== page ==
Nina was exquisite. Matt was amazing. The musical director and band were brilliant. What an absolutely fantastic evening. So good in fact I saw it twice! 2 pm matinee and 7 pm evening.
Andrew Broadbent as promoter Harry M. Miller.
JUDY • AUSTRALIA • 1964 went from just an idea to its world premiere at Melbourne’s Athenaeum Theatre in just six short months in 2019. Its original iteration – a one-hour cabaret-style presentation – starred the wonderful Australian dramatic contralto Liane Keegan as Judy Garland, with talented Alistair Fearson as Harry M Miller, in three sold-out performances.
After a COVID-interrupted two years, the full two-act production was presented for the first time at Melbourne’s Whitehorse Centre in 2021. Starring Australia’s highly respected jazz singer Nina Ferro as Garland and the gifted theatre performer Andrew Broadbent as Miller, the production was again a great success, and we look forward to presenting this remarkable story from Australia’s cultural history with audiences around the country.
The success of the show is due to the magnificent talents of originally Liane Keegan and now Nina Ferro, the compelling story telling of writer Bill Farr, and of course the wonderful Judy Garland. It presents Garland honestly – in all her greatness, and in all her vulnerability – all through the microcosm of her dramatic 12 day Australian tour.
First produced in the 50th year since Garland’s death the show struck a chord and garnered much public and media attention with interviews on ABC TV, Channel 9, The Age, The Sydney Morning Herald, The Melbourne Press Club and numerous radio stations.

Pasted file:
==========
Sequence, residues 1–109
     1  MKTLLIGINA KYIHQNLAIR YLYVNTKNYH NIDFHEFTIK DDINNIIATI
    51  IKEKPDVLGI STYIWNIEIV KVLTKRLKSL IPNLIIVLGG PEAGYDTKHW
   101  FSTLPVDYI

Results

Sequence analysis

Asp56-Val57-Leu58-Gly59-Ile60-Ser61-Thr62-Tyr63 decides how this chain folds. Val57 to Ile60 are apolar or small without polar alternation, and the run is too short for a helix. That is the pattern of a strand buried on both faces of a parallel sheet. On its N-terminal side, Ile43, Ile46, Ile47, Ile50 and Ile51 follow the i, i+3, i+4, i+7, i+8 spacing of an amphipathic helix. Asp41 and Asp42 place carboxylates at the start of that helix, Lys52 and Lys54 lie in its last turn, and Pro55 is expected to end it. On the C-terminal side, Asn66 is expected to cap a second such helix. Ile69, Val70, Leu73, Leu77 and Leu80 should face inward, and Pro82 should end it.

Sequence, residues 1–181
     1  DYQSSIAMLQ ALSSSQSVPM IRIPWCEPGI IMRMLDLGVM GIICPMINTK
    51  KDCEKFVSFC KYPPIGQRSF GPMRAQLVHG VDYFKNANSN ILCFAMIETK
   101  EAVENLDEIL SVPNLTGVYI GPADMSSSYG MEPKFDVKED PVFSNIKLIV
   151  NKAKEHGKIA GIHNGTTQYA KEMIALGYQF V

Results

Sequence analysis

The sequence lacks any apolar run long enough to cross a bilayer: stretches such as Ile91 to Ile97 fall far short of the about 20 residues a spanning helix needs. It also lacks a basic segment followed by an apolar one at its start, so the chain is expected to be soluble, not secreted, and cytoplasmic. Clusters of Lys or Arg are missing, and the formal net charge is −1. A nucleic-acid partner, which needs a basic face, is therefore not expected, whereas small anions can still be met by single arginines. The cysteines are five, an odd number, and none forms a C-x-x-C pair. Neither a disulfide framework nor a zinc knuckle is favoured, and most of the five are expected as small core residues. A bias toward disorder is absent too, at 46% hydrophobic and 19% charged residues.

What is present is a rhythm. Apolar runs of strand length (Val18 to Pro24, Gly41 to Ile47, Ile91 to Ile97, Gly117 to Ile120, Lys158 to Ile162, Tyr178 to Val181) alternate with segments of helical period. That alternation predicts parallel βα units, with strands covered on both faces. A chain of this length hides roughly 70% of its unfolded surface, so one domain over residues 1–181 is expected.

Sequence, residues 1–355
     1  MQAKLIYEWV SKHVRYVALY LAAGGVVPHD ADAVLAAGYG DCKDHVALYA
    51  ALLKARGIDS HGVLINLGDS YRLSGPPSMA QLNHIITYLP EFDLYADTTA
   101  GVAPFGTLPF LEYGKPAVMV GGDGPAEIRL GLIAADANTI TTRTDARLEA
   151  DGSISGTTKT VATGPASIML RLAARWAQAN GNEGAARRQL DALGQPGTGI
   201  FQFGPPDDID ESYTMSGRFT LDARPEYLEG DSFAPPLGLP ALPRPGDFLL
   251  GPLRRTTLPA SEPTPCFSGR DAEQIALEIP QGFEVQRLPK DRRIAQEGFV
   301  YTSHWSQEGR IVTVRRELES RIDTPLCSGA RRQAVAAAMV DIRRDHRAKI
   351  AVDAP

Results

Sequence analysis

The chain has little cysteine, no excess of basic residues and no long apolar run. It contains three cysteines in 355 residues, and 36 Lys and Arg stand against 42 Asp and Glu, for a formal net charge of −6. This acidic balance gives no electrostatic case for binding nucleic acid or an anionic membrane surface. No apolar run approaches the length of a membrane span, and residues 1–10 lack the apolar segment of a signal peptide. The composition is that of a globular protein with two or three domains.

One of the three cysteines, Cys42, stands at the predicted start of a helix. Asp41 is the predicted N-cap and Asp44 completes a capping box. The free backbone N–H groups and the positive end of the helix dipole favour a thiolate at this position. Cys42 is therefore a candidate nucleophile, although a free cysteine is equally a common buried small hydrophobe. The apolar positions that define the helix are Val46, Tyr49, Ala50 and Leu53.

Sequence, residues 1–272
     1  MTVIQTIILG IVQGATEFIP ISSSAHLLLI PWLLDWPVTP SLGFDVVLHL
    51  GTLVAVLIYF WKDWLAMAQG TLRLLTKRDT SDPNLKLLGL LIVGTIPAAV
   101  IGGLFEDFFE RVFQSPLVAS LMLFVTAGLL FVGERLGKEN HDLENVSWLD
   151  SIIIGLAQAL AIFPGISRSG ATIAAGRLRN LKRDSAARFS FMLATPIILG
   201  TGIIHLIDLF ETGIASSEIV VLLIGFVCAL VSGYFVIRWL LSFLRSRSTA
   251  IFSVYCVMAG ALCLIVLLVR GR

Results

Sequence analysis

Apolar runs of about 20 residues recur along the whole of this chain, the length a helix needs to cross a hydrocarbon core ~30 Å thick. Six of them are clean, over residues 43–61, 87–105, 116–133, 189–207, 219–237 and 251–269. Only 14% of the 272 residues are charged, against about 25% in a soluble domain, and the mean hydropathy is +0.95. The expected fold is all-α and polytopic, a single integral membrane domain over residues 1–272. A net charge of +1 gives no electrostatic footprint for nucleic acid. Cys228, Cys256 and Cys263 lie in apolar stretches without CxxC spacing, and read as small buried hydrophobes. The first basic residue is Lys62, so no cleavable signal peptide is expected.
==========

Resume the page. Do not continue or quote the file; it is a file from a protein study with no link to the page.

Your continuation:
“Skunkworks Productions brings ‘Judy • Australia • 1964.” to Melbourne audiences with all of the respect and heart it deserves, as it explores one of Judy’s most pivotal performance moments at the height of her personal struggles.” Nicola Bennett, Theatre Travels
“This truly is a theatrical ode to all that Judy was - glamorous, moving, and above all, a very human experience.” Nicola Bennett, Theatre Travels
“This is Skunkworks Production’s first offering – may there be many more of this quality, because there is an audience out there who will flock to see shows like Judy – Australia – 1964.” Julie Houghton, Classic Melbourne
The show had its genesis in a chance conversation on a bus while on tour in Europe in 2018. Musical Director Phillipa Edwards mentioned to writer Bill Farr that Skunkworks was looking to produce a show about Judy Garland. Bill, who had had a fascination with Garland for many years, suspected that there was great potential for a musical drama in Garland’s ill-fated tour of Australia in 1964.
He had already thoroughly research the tour for a series of drawings he’d done for an exhibition in 2011. The script came easily, with a perfect theatrical dramatic arc. Throw in sixteen of Garland’s greatest songs, and the rest is history.
Skunkworks brought everyone together to set in motion a show that became an instant hit. A great performer such as Judy Garland deserves an honest presentation that showcases her incredible talents, but also tells of her struggles with the pressures of stardom and substance abuse.
In 1964 in a move that would help shape his future career, promoter Harry M. Miller got Judy to Australia for a series of concerts in Sydney and Melbourne. One of the most eagerly awaited show-business events ever in Australia evolved, for it’s star, into a roller-coaster ride of incredible highs and unbelievable lows. Stunning success in Sydney, humiliating failure in Melbourne. Over twelve short days we see Garland’s life unravel as her legendary power to triumph over adversity finally fails her.